Vegetarianism is the practice of abstaining from the consumption of meat (red meat, poultry). Depending on the type of the vegetarian diet, it may also exclude fish, seafood, eggs and dairy products. Provided that a vegetarian diet is well planned and applied after consultation with a health care provider, any individual of any age group can adopt it.

The Messinian Diet consists of local products such as olive oil, table olives, wine, fruit, and vegetables. It is based on fresh healthy ingredients that nature offers in abundance. Foods such as greens (horta), vegetables, fruit, legumes, fish, and notably olive oil and tables olives are typical Messinian products. Messinian olive oil is particularly renowned for being a 100% natural fruit juice of the highest quality and unique nutritional value, belonging to the extra virgin olive oil category. For these reasons, the Messinian Diet can deservedly support any type of vegetarian diet. 

In regards to its health benefits, it has been proven that a vegetarian diet helps reduce total blood cholesterol levels, decreases the risk of cardiovascular diseases, hypertension and type 2 diabetes. It is also associated with lower levels of obesity (body mass index) and the development of cancers.As for its nutritional value, vegetarian diets are rich in dietary fiber, magnesium and potassium, vitamins C and E, folic acid and antioxidants such as carotenoids, flavonoids and other phytochemicals. Studies have demonstrated that individuals that follow a vegetarian diet have lower saturated fat and dietary cholesterol levels, mainly due to the exclusion of meat. Poorly planned vegetarian diets, however, may be low in vitamin B12, calcium, vitamin D, zinc and omega-3 fatty acids.In general, vegetarian diets can be part of a balanced nutritional plan and also offer health benefits for the prevention of chronic diseases. There are seven subtypes of vegetarian diets, depending on the specific food groups they allow or not (Table 1).
According to the table above, the stricter a diet is in terms of limiting animal protein sources, i.e., fish, poultry, eggs and dairy products, the more acute the problems due to nutrient deficiencies might be. A careful combination of legumes with nuts or cereals, such as a lentil and rice dish, can provide high biological value protein. Since vegetarian diets do not allow the consumption of meat, the daily requirements of protein intake can be met by a variety of plant sources. Rich sources of plant-based protein are cereals, legumes and nuts.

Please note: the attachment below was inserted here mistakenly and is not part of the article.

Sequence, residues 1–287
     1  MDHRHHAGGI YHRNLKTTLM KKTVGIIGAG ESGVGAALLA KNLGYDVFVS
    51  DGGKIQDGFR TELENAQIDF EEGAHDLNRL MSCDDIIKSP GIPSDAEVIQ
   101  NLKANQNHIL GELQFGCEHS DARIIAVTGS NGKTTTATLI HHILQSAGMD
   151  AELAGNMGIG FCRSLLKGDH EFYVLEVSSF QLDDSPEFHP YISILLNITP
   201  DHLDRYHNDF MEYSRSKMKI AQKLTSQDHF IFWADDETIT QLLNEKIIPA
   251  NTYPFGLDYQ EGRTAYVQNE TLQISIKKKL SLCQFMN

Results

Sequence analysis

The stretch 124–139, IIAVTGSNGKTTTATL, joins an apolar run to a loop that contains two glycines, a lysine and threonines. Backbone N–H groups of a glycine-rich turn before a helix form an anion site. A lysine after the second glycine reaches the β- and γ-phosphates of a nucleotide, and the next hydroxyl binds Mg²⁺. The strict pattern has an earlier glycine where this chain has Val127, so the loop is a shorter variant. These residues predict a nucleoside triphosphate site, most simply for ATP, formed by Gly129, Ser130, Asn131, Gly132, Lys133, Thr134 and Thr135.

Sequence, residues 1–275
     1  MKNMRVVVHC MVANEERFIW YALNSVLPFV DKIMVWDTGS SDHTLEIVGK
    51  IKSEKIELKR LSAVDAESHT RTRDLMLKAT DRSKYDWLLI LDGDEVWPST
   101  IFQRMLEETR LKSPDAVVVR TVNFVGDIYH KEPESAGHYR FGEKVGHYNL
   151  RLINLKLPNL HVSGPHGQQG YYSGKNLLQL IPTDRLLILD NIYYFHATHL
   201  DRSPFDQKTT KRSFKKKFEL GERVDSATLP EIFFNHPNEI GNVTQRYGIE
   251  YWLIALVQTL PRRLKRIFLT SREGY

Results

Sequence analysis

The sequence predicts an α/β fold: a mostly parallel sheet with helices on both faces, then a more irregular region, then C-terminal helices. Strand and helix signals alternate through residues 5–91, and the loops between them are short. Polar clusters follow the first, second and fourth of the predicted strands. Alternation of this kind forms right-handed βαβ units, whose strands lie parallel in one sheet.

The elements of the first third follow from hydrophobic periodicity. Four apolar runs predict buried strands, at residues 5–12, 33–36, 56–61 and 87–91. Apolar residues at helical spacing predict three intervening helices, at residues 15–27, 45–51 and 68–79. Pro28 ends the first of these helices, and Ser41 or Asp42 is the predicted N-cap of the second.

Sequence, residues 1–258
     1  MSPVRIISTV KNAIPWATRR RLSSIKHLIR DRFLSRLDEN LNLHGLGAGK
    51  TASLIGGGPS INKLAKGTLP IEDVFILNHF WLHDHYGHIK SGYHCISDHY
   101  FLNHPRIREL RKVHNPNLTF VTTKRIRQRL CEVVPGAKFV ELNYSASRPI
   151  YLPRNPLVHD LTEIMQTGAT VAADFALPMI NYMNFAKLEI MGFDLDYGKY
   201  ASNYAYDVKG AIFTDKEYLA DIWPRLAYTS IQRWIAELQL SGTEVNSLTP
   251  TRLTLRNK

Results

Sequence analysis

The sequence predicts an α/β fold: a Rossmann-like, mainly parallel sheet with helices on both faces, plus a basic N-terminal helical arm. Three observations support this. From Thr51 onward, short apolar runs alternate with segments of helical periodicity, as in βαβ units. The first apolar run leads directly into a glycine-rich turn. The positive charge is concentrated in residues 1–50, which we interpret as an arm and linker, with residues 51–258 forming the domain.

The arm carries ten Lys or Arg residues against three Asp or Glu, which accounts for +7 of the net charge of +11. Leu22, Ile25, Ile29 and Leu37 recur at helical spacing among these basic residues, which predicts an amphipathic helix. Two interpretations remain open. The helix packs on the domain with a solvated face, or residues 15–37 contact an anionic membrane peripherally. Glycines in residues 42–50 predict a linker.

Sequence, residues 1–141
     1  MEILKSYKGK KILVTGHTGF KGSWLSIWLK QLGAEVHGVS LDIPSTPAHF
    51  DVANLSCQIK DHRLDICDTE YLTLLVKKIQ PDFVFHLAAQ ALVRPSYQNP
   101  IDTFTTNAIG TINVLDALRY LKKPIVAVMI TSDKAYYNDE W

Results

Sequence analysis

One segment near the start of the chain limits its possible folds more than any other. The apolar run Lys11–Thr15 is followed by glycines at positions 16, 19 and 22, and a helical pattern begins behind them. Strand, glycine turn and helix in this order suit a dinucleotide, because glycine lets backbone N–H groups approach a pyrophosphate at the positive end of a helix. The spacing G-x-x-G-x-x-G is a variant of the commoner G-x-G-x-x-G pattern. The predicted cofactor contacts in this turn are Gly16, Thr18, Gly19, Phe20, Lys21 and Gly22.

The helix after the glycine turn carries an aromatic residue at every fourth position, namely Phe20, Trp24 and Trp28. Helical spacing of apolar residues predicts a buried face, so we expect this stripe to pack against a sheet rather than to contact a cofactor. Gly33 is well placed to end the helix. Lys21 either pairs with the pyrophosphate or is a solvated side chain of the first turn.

While vegetarian diets are rich in omega-6 fatty acids, they often lack omega-3 fatty acids, which our bodies cannot synthesize and need to be obtained from dietary sources. When fish is excluded from vegetarian diets, the intake of essential omega-3 fatty acids, such as eicosapentaenoic acid (EPA) and docosahexaenoic acid (DHA), decreases. These fatty acids are important for cardiovascular function, cognitive health, and visual acuity. However, some plant foods, such as flaxseed, walnuts and soy, can provide alpha-linolenic acid, which the human body uses to synthesize the long-chain fatty acids EPA and DHA. Omega-3 fatty acid fortified foods, like margarine spreads, are other sources of EPA and DHA for people following a vegetarian diet.
Furthermore, the abstention from meat and dairy products and the presence of plant foods in vegetarian diets hinder the required intake of essential minerals and trace elements. Red meat is the best source of absorbable iron. Vegetarian diets that include animal protein, such as poultry meat, shellfish and some fish (perch, sardines, swordfish), offer some important amounts of absorbable iron. Plant sources of iron include legumes, mushrooms, peas, artichokes and cherries. However, iron from plant foods is not as easily absorbed from the body. To increase the level of iron absorption, it is recommended that plant foods be combined with a food source of vitamin C or animal iron source. Dishes such as chicken with mushrooms, artichokes ala polita with plenty of lemon juice (vitamin C) or a fruit salad with cherries, kiwis and strawberries (vitamin C sources) enhance iron absorption. On the other hand, iron-containing food should not be consumed with dairy products as calcium blocks iron absorption.
Dairy products are a main source of calcium so if the vegetarian diet excludes such foods, calcium has to be found in other sources. Eating fish with bones provide good amounts of calcium. Though calcium is present in legumes and some vegetables, it is not readily absorbed since the presence of phytic acid and oxalic acid prevent good absorption from the body. Vegetarians can generally meet their nutritional needs for calcium by consuming a variety of plant sources rich in calcium. Even though their bioavailability of calcium is rather low, nuts and seeds can contribute to calcium needs. Fortified with calcium food such as wholegrain breakfast cereals, biscuits, fresh juices or non-dairy milks fortified with calcium, like soymilk and almond milk, can also contribute a significant amount of calcium requirements.
Finally, vitamin B12 is only found in animal foods and has particular nutritional value, especially for the development of the nervous system. While vitamin B12 is not present in plant foods, vegetarians can meet their dietary needs from fortified foods such as breakfast cereals and soy products.
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